Malgobek, Russia

Malgobek (Ingush. Maggalbike, Chech. Malhabek) is a city in the Republic of Ingushetia of the Russian Federation. The toponym "Malgobek" is considered primary for the western part of the Tersk ridge and is derived, according to one version, from the Kabardian language. Original Kabardian-Cherk. Melgebeg is a compound word consisting of mel - "sheep", the prefix of the causative ge- and the root of the verb bag - "to swell" (meaning "to swell from poison"). According to another version, the name of the city comes from the name of the Magial-Bek tract, in the place of which the city allegedly arose. From Ingush, this toponym is translated as "the supreme commander of the army" and is raised to the title of the former owner of these lands.



Located in the Alkhanchurt Valley, on the southern slope of the Tersk ridge, 40 km (in a straight line) from the capital of the republic - the city of Magas. Malgobek is located in the westernmost part of the valley, to the west of the city it narrows, pressed from the north by the Tersk ridge, and from the south by the Sunzha ridge and one of its spurs (Mount Arik-Paptsa, 510.9 m), towards the village of Nizhniy Kurp ( Kabardino-Balkaria), where it is closed by the valley of the Kurp River, which stretches in the meridional direction from south to north. Thus, already a few kilometers south of Malgobek, located at the northern border of the valley, the Sunzhensky ridge rises. To the east, the Alkhanchurt Valley is expanding. Along the southeastern border of the city, the Western Branch of the Alkhanchurt Canal flows, which originates from the Alkhanchurt Canal near the village of Nizhnie Achaluki, then goes far northwest to Malgobek, and then rushes east to the mouth of the valley.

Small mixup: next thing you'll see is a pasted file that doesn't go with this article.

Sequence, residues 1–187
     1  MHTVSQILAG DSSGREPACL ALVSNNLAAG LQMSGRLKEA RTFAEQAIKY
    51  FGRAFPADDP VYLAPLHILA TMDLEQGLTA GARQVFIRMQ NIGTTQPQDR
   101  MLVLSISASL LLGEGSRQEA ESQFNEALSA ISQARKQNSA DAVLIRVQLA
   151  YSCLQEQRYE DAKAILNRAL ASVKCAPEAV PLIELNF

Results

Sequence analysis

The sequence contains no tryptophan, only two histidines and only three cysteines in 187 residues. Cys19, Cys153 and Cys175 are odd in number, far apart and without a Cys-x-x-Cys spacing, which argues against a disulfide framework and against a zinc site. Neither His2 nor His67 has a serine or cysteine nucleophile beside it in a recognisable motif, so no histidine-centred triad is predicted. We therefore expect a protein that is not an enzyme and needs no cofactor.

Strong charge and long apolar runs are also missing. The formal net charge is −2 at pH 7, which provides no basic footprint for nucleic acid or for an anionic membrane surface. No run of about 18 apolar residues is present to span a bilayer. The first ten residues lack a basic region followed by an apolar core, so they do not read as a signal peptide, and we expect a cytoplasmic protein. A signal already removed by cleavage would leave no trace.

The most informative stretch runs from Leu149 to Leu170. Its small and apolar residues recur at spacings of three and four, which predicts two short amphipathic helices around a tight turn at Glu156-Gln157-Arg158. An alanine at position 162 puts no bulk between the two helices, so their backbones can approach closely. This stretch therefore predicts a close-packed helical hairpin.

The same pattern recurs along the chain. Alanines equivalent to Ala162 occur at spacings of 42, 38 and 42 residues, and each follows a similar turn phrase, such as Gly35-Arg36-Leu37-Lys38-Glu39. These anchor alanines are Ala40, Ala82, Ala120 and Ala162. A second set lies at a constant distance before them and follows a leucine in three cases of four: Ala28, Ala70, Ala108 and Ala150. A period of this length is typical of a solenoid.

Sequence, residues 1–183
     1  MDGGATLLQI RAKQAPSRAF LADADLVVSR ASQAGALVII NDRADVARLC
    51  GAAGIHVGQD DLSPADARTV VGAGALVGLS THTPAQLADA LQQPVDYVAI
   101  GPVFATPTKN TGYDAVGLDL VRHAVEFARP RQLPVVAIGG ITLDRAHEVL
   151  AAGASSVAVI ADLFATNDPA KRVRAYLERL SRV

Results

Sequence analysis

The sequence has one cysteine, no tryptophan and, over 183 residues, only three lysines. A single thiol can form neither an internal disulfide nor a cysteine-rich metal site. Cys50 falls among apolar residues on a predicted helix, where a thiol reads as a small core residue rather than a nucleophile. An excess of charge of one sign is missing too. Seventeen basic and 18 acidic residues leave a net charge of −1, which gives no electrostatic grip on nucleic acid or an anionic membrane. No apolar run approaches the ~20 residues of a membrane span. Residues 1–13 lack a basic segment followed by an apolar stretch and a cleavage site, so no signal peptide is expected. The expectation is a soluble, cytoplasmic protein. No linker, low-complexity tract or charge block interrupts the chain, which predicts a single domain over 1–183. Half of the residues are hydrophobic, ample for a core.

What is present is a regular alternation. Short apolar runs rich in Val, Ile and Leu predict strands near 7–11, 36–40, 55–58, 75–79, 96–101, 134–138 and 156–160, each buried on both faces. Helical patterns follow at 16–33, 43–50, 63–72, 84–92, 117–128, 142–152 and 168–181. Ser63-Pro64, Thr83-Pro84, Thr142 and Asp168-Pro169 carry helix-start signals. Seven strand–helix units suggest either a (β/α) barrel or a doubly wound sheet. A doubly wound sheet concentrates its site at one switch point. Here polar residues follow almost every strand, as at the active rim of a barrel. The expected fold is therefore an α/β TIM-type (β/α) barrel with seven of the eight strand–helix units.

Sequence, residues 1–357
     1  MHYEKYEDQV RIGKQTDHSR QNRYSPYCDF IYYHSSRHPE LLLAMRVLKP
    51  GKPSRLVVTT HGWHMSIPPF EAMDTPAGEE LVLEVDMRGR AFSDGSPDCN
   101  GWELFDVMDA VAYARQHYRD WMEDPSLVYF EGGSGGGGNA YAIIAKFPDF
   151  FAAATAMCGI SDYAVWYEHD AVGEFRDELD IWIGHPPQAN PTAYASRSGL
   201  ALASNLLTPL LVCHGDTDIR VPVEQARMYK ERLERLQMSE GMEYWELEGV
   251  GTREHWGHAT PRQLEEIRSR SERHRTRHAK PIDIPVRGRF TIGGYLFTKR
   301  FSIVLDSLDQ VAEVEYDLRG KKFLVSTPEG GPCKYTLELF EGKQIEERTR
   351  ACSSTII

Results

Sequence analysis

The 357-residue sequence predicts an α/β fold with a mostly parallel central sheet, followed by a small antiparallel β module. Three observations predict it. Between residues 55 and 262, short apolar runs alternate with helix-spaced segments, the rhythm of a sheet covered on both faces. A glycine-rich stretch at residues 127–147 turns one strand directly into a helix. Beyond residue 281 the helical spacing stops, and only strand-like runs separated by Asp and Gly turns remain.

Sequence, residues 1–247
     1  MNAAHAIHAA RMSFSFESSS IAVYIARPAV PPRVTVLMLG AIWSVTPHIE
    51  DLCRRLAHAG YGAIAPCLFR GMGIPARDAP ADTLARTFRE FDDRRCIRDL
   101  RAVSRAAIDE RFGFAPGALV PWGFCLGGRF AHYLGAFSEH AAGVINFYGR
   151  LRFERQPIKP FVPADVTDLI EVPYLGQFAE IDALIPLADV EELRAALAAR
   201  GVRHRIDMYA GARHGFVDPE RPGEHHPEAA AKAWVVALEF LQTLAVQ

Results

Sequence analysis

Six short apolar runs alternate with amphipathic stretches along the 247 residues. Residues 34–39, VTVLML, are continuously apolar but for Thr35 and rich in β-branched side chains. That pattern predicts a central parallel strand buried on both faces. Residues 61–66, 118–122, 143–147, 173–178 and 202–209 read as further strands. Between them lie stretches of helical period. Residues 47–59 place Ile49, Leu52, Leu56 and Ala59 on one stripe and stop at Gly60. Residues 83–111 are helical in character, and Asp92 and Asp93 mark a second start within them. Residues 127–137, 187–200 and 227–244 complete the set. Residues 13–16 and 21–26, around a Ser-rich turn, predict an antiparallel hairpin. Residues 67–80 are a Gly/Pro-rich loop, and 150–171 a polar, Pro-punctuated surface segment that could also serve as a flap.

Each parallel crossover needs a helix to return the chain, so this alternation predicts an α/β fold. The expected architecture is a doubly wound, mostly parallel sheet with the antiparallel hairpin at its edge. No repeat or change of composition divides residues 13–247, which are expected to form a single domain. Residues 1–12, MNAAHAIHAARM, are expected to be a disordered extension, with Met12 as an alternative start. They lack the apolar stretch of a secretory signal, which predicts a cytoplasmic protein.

The territory of the city (and the corresponding urban district) includes not only Malgobek itself, but also all the surrounding oil-producing villages and areas of the Malgobek-Gorsky oil field, located on the crest of the Tersky ridge to the north, north-east and north-west of the city.

During the intensification of landslide processes in the vicinity of Malgobek, caused by the development of existing oil fields, the former producing villages and areas found themselves in a landslide zone, in connection with which residents are being relocated to new territories today. Previously, the largest of them were the Pobeda site (1200 people), the village of Stary Malgobek (850 people), the Chapaev site (520 people) - as of 1988.

The nearest settlements: in the south - the village of Sagopshi (in fact, it merges with Malgobek) and the village of Psedakh, in the south-west - the village of Inarki, in the north-west - the village of Nizhniy Kurp (Kabardino-Balkaria), in the north, already beyond the Tersk ridge - the village Vezhariy, in the northeast, on the crest and slopes of the ridge - the villages of Maly Malgobek and Predgornoe (North Ossetia), the village of Voznesenskaya, in the east - the village of Yuzhnoye, in the southeast - the villages of Zyazikov-Yurt, Nizhnie Achaluki, New Redant.